Written by Ng E-Jay
14 March 2011
At a keynote address during the Singapore International Energy Week in 2010, Prime Minister Lee Hsien Loong spoke about the challenges that Singapore will face in the coming years in dealing with scarce global energy resources. 
PM Lee also briefly mentioned the prospect of building a nuclear power plant in Singapore. This was what he said:
Globally, nuclear energy would be an important part of the solution to mankind’s energy problems and to tackle global warming. It is clean, it gives off low carbon emissions, in fact no carbon emissions, but of course harnessing nuclear energy is a complex and long term enterprise. There are significant issues relating to safety and the nuclear fuel cycle and disposal of nuclear waste. And there is often strong resistance in countries, from the Green movement, from populations who have witnessed accidents like Chernobyl and are fearful and anxious about their safety. But if we look at this rationally, without nuclear energy, the world cannot make sufficient progress in dealing with global warming.
For Singapore, our small size poses additional challenges. Safety is a major concern because of our high urban density. A plant, if we ever build one, is very difficult to put very far from the population because no place in Singapore is far from population. And yet we cannot afford to dismiss the option of nuclear power altogether. So we should keep up with new developments, the technologies are advancing, smaller, safer reactors with more fuel efficient designs that reduce the amount of nuclear waste produced, and we must keep up with experiences in other countries, how they are using it, how they are deploying it, how they are managing the sentiments and concerns of the population and working out practical, sensible solutions to these problems. It will be a long time before we make any decision on nuclear energy but we should get ourselves ready to do so. And that means to give Singapore the ability to exercise the option should it one day become necessary and feasible. Therefore we have to start building up the capabilities now, to get in touch with the experts in the field, to train a few of our own engineers and scientists and then we can critically assess developments in nuclear technology and decide on the feasibility of nuclear deployment one day in the future.
The recent tragedy in Japan has brought home a very stark reminder of just how grave the safety issues concerning nuclear power plants are.
Over the weekend, Japan has fought round the clock to avert a meltdown at two reactors in the earthquake-damaged Fukushima Daiichi nuclear power plant in Okuma.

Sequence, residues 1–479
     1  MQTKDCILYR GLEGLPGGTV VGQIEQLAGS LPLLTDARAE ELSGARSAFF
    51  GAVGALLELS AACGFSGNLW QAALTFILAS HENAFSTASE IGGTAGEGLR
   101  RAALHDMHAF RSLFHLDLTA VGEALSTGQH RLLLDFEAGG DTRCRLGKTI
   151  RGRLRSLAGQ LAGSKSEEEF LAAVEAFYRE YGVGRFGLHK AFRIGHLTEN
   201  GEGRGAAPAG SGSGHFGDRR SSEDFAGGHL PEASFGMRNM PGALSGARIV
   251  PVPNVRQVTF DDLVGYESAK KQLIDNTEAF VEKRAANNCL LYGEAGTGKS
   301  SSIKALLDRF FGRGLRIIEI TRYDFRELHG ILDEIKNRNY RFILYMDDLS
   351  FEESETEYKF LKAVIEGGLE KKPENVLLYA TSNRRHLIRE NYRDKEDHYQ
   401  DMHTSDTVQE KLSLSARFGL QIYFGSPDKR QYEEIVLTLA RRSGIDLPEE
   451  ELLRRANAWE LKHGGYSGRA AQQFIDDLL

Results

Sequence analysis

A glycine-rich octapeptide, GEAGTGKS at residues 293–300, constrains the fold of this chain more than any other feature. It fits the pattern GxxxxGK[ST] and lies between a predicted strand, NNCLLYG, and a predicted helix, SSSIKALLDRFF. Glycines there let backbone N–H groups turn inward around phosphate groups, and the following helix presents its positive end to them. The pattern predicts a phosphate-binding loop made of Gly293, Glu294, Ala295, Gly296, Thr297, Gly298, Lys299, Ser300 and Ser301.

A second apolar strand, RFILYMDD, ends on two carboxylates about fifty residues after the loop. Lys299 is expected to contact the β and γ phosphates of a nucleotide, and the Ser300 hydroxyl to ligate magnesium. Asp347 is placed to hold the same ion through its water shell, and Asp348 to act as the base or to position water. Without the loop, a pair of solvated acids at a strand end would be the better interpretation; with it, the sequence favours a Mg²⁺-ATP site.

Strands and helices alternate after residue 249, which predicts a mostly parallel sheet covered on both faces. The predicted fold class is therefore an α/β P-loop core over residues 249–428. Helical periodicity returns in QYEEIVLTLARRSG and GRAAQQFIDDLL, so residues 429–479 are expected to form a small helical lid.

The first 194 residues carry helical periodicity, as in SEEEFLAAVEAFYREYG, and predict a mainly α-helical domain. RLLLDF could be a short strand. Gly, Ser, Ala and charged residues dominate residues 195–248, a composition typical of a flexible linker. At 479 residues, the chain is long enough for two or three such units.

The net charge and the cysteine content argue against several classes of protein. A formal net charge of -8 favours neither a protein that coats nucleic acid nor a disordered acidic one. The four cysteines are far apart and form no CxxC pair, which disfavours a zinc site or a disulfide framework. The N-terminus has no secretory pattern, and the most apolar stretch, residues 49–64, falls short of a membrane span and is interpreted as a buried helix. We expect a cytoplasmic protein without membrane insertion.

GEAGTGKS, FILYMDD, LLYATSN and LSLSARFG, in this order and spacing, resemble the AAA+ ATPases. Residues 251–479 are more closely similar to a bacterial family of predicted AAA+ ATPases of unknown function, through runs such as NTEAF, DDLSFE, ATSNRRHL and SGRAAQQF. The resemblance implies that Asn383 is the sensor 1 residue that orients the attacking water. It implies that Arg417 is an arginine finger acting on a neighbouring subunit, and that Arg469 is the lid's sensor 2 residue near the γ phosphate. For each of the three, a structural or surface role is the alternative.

As of Sunday, the situation has only gotten worse, and Japan’s Nuclear and Industrial Safety Agency (NISA) has admitted that the explosion at Reactor 1 could only have been caused by a reactor meltdown. 
Street demonstrations have been reported in the major news wires. People are angry that the Japanese authorities commissioned nuclear power plants to be built so close to geological fault lines despite prior protests that such a decision was highly unwise. Now, the people’s worst fears have been realised, and they are venting their anger and frustration at the government.
Singapore is relatively well-insulated from the geological fault lines near the western coast of Sumatra. However, this does not mean that we are free from danger.
As PM Lee has stated, our high urban density poses a safety issue. It is impossible to locate a nuclear power plant built here far from population areas. If anything should happen, even a small accident, the safety of tens of thousands if not hundreds of thousands would be immediately put at risk.
Japan’s Fukushima Daiichi nuclear power plant is located 300 km away from Tokyo. By comparison, Singapore only stretches 50 km coast to coast.
PM Lee is of the opinion that the nuclear power option cannot be dismissed entirely, and that Singapore must keep abreast with advances in technology to prepare itself for the day when nuclear power might become necessary and feasible.
However, no matter how technology advances, Singapore’s small size and high population density means that the potential risk for us will always be extremely high, far greater than compared to other countries.
In Japan, thousands are now put at risk of radiation poisoning. If a similar accident were to occur in Singapore, 6 million people will be immediately put in grave danger. And that is not including our neighbours Johor and Sumatra.
In my opinion, nuclear energy for Singapore cannot be made more feasible simply by advances in technology. The risk will always be too high. Public concerns and sentiment will be almost impossible to manage. Mutual suspicion from our neighbours will also compound the issue and make it intractable.
As seductive as nuclear energy is, Singapore cannot afford it.
 Japanese Government Confirms Meltdown, Stratfor, 12 March 2011.